Absolute value of Integer using Bitwise Operations
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In this article, we have explained two approaches to find the Absolute value of Integer using Bitwise Operations namely Right shift, OR and XOR operations.
Contents
 Introduction
 Integers in binary
 Shifting bits
 XOR in binary
 Result
 A second approach
Introduction
If we define what's Absolute value, then it says that "The distance of some number from the zero is an Absolute Value".
Which means if there is some given number +/ N then the Absolute Value of this number should be N.
One way to find out the Absolute value of a number will be to check if the given value is negative
or positive
and if it's positive
, then return n
and if it's negative
, then return n  2*n
.
Code for the above Example:
fn abs(n: i8) > i8 {
if n > 0 {
n
} else {
(n  n)  n // Using this because,
// Above mentioned can overflow.
}
}
But, you see, this requires an ifelse
statement, and if we used binary operations
to find Absolute Value, then one can avoid using ifelse
statements.
Note: we will be considering only 8bit numbers here, but you can apply this method to others as well.
Just usesize_of(n) * 8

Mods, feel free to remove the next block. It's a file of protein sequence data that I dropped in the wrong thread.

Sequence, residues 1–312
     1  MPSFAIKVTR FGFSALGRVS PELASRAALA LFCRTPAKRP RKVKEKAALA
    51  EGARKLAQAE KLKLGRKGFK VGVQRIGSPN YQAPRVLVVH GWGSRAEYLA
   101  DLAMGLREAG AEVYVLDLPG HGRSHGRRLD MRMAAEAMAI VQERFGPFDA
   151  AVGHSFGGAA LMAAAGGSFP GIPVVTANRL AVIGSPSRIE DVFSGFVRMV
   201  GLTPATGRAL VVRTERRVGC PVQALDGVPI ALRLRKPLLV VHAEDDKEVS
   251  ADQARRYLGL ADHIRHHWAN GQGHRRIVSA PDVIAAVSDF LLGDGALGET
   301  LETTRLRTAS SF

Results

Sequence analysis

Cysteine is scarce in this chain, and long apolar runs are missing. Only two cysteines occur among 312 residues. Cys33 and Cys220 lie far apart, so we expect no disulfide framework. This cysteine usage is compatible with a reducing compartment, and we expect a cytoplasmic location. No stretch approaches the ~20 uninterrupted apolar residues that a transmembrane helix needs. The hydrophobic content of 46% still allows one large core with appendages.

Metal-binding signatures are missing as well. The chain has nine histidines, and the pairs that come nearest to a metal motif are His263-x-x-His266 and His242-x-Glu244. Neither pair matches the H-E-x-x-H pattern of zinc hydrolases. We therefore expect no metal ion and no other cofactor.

to find out the number of bits for the data type you're using.
Integers in binary
I think if you're scrolling through this page, then you should already be familiar with how we represent integers in binary and how we know if a number is positive
or negative
but, to make sure that we're on the same page, we'll look at it once again.
There are two kinds of numbers one is signed
and unsigned
.
unsigned
 The range for
unsigned
numbers goes simply from0 to 255
and in binary0000_0000
to1111_1111
.
signed

But the range for
signed
numbers goesfrom 128 to 127
, and in binary, there are two ranges to make note of0 to 127
>0000_0000
to0111_1111
1 to 128
>1111_1111
to1000_0000
Yep!! It counts backward.
And Of course, we will be using only signed
integers here.
Shifting Bits
The rule is to have a 1 bit (the most left one) in signed integers as a sign bit, when it's 0
then, consider the number to be positive
and negative
if the sign bit is 1
.
Now, shifting bits to the left will do the same things for both positive
and negative
integers.
But when we right shift the bits then, a positive
integer will have no issue and, there will be a 0
in the sign bit before and even after the shift.
But, when we right shift a negative
integer then, it is necessary that we make sure to preserve the sign bit. So, there will be 1
present in the sign bit.
For Example:
Positive Number
Let's consider a number n = 10
and, now if we right shift it, then it should look something like the given diagram:
Negative Number
And for n = 10
, it will look something like this: